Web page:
Emery's first contention is that the Fairmont Hotel standard erroneously subordinates the issue of reasonable alternative means of access to the hotel employees to other factors. We agree.


Decided in 1956, Babcock was a consolidation of appeals from the Fifth, Sixth and Tenth Circuits. In each case, the employer had refused to permit distribution of union literature by nonemployee union organizers on the employer's private property. The Board decided in each case that it was unreasonably difficult for union organizers to reach the employees off company property, and, therefore, the employer's actions violated the employees' right to obtain union information. The Supreme Court reversed, ruling an employer may prohibit trespassory union solicitation by nonemployees if reasonable efforts through other available alternative channels of communication would reach the employees. Babcock, 351 U.S. at 112, 76 S.Ct. at 684. The Court was of the view that several alternative means were available to the unions, including personal contacts on streets or in homes, letters and telephone calls, and off-premises meetings. These alternative means would be especially effective because a large block of the employees lived in concentrated neighborhoods and were easily accessible. Id. at 113, 76 S.Ct. at 685.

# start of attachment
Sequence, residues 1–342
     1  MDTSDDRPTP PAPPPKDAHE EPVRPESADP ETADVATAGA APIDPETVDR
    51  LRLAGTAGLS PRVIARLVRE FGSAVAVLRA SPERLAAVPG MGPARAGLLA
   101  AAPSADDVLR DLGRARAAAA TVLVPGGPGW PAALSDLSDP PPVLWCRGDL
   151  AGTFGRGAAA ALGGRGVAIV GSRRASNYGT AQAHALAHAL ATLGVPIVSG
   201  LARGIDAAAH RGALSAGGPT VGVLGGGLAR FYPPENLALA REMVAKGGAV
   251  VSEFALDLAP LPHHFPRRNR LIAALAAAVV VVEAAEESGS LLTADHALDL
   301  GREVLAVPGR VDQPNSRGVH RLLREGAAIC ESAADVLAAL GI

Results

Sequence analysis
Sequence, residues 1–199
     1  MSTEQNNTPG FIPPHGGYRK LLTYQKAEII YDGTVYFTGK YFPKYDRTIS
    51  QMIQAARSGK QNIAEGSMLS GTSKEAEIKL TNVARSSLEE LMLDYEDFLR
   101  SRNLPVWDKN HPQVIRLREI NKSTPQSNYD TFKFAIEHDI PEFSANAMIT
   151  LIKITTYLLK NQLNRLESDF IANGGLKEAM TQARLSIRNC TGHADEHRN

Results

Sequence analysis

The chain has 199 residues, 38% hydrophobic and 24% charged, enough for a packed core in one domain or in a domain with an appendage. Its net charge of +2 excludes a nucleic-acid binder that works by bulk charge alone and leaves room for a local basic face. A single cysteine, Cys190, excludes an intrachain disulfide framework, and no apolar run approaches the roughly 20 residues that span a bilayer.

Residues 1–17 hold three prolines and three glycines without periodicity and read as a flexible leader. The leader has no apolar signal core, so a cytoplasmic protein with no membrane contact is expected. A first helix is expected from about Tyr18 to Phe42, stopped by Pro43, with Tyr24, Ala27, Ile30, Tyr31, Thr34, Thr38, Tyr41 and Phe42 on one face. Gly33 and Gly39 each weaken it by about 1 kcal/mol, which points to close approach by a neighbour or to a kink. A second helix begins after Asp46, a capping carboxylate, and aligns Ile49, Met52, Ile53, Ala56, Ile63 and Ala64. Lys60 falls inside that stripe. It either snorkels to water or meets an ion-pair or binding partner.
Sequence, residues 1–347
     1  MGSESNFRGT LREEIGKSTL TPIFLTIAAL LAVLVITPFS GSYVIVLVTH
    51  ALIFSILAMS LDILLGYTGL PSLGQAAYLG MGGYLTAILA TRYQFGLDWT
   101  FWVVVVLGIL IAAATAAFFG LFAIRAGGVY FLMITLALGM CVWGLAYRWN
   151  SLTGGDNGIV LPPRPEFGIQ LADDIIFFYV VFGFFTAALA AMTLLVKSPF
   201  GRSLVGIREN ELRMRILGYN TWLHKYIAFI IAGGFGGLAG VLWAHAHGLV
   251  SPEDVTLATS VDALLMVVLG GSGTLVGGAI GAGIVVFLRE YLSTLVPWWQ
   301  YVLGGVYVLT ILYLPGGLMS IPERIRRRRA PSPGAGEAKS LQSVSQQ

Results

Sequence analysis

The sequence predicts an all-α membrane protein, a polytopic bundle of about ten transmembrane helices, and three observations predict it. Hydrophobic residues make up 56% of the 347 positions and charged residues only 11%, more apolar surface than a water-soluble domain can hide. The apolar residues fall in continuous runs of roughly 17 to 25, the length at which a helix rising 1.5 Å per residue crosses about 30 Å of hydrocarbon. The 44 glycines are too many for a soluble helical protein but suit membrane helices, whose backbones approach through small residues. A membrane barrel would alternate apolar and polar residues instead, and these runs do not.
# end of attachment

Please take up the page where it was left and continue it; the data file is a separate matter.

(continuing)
Later, in Hudgens, the owner of an indoor shopping mall threatened to arrest union members who were picketing a retail store inside the mall. The Board ruled that Hudgens' threats violated the employees' First Amendment rights. The Supreme Court vacated that judgment and remanded the case for reconsideration under the Act. The Court ruled in part that "the constitutional guarantee of free expression has no part to play in a case" of conflicting Section 7 and private property rights. Hudgens, 424 U.S. at 531, 96 S.Ct. at 1042.


The Supreme Court considered Babcock accommodation most recently in Sears. The Court was largely concerned with resolving the preemption issues involved where an employer filed a state trespass charge against picketers in a labor dispute. One factor considered in the preemption question was the plausibility of the union's claim that its picketing on the employer's property was protected under Section 7. The Court found the union's claim not very plausible, largely because "experience under the Act teaches that such situations [where Section 7 rights prevail over private property rights] are rare and that a trespass is far more likely to be unprotected than protected." Sears, 436 U.S. at 205, 98 S.Ct. at 1761. The Court noted:


While Babcock indicates that an employer may not always bar nonemployee union organizers from his property, his right to do so remains the general rule. To gain access, the union has the burden of showing that no other reasonable means of communicating its organizational message to the employees exists or that the employer's access rules discriminate against union solicitation.


Id. (footnote omitted).